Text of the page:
PZ: We help growers with their technology needs, instead of just delivering a product, by selling custom. Scout came about while working with Scheid, which was looking for pest scouting functionality and recording field observations. We explained that to Driscoll’s during a presentation at the farm bureau, and before we left the room we had secured a new partnership. What they wanted was a component that looked for the ripeness of the berry, so growers don’t show up at the cooler with berries that get rejected. The observations and functionality of HC Scout are identical between those two customers, but for different purposes. The customer gets to help us shape the software. We’ll continue to grow additional functionality, what we call modules, onto the HC platform.

JJ: What modules are in development now that you can share with SCTB readers?

PZ: To the field observations we’re recording, we added HC Recorder, where you record the quantity of diesel fuel you’re putting in a tractor or amount of fertilizer in a tank. The inputs are in the operation you want to track, basically things you’re writing on your hand or on a small notepad. You can log those into the phone in less time than it takes to write. We also bring them together. Timekeeper and Tracker, collecting information about where things are with the people doing the work, comes together in HC Scheduling, which will be out toward the end of the year.

JJ: Where is HeavyConnect headed, and what are you looking to do in the future?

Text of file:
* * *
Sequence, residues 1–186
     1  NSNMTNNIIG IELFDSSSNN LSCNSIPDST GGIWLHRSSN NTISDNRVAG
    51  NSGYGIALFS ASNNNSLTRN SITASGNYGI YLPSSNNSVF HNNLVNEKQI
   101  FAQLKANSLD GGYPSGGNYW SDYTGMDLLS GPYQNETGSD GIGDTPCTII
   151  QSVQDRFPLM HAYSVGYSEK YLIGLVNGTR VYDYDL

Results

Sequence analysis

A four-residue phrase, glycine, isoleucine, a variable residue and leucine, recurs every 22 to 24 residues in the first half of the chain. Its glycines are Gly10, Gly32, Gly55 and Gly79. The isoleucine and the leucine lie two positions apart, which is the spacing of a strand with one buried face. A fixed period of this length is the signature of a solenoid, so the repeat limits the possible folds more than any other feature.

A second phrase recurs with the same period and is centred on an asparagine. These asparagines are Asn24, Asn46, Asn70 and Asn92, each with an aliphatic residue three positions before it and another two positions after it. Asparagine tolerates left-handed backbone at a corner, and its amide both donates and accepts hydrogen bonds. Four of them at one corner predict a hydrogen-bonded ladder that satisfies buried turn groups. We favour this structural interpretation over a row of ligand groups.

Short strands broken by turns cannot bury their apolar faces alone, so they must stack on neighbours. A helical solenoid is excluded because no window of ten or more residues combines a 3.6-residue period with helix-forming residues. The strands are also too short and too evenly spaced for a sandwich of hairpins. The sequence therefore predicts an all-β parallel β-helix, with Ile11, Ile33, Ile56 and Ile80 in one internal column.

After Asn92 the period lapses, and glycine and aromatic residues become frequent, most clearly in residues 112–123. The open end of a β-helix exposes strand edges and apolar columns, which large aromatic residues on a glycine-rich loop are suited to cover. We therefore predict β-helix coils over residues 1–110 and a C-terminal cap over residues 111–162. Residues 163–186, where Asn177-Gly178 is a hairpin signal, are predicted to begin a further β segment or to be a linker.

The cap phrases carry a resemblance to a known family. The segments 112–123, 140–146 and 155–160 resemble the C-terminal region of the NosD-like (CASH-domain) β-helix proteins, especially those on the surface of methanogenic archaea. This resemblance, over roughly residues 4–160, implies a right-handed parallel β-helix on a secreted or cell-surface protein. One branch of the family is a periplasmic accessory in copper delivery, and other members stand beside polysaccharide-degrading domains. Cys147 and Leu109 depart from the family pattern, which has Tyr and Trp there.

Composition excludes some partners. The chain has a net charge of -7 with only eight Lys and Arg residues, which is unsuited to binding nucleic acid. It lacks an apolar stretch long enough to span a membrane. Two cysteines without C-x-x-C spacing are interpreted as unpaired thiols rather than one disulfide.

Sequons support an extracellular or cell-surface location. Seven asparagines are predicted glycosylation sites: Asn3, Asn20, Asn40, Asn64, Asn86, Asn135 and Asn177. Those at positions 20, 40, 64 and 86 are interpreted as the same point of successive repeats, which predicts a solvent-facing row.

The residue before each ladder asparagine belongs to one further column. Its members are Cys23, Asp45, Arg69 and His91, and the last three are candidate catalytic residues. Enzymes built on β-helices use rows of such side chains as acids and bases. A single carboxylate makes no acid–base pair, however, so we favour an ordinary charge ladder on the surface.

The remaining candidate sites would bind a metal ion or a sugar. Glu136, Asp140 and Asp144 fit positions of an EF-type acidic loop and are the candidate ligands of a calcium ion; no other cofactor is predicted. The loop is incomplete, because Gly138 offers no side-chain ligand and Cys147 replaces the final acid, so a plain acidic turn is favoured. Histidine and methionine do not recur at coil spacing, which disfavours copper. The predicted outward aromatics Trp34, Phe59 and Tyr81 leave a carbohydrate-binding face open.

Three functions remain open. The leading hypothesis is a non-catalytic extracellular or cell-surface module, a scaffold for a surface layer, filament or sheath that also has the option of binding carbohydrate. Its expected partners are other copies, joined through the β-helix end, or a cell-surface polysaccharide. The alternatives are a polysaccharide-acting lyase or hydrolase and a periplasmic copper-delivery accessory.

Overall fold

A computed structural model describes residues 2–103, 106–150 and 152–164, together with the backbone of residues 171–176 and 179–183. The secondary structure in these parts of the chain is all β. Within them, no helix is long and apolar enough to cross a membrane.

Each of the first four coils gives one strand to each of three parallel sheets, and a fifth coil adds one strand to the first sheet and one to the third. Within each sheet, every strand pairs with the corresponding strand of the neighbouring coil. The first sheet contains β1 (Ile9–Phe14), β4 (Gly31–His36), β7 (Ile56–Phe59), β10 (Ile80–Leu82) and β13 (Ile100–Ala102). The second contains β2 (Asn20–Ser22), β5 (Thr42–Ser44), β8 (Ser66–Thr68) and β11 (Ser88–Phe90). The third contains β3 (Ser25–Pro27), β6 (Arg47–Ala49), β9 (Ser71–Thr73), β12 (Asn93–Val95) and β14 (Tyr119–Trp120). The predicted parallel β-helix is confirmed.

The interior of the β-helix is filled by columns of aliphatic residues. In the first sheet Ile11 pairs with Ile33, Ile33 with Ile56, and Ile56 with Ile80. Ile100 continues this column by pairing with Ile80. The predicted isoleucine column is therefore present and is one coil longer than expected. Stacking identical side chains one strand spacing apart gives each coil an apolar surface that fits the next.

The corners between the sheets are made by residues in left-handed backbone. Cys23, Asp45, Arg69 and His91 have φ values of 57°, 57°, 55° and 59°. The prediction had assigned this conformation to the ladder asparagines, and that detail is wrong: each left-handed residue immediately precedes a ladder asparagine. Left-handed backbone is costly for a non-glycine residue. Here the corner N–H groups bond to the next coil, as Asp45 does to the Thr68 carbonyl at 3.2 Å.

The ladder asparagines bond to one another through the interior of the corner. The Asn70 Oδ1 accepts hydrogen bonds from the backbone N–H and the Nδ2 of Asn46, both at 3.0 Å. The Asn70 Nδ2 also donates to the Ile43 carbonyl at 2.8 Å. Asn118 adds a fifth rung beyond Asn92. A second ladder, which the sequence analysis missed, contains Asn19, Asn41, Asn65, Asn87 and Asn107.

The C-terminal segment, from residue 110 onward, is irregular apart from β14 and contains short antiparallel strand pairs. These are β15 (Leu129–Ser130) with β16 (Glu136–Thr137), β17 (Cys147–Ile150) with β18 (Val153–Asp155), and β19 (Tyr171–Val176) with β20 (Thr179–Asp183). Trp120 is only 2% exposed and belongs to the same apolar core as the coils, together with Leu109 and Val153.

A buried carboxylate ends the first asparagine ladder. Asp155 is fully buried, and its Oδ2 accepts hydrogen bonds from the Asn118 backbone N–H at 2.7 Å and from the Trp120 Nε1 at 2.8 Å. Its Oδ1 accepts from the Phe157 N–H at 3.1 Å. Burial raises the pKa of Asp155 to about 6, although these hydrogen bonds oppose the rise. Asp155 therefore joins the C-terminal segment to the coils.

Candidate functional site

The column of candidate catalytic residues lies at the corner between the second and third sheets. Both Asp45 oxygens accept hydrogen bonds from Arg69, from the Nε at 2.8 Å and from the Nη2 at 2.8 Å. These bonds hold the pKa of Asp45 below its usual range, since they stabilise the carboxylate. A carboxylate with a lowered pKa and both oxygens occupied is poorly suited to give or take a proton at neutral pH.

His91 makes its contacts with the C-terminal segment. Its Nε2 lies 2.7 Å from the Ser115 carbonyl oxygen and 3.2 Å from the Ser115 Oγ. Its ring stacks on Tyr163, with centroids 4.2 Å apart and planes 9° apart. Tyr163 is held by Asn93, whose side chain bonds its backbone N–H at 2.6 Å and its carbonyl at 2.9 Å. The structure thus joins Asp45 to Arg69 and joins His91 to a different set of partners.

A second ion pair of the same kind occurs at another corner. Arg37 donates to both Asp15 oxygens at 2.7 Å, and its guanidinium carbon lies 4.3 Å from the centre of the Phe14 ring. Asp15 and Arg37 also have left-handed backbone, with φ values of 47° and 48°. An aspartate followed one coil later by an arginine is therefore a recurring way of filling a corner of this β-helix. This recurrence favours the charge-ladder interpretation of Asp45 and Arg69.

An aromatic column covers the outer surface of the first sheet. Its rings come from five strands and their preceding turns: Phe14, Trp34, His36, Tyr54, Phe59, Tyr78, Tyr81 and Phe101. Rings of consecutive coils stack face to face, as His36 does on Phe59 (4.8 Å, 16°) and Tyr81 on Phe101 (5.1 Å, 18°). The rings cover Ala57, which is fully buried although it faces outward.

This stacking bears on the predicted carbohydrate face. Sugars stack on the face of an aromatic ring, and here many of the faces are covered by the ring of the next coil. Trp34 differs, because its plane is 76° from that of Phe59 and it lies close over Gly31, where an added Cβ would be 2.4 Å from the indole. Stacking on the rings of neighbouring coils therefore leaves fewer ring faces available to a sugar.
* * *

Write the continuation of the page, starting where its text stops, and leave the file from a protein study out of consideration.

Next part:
PZ: We’re going to continue to stay on the Central Coast, get into the Central Valley later this year with the same lines of product functionality being developed right now. Like Nike and making shoes for Michael Jordan: work to make the best shoes for one guy who loves them. Then you have a product that can sell itself throughout the world.

We’ll expand throughout the country, and that’s been the historical trajectory of technology in agriculture for the last 25 years. Things come out of the Central Coast and Central Valley in California, then expand nationally, then globally. An example of that is the auto-steering tractors.

As we progress, our expansion is geographic within agriculture, but also we’re moving into adjacent industries. Our products are operational more than just specific to agriculture. Right now we take care of simplifying the operations so that farmers can farm. Further out than 2017 we’re looking to adapt HeavyConnect tools to construction, military, on-road diesel trucks, mining, oil and gas.

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Jan Janes, Communications Director, Web Publisher, Television & Radio Producer, Photojournalist, Social Media Architect, can be reached on LinkedIn.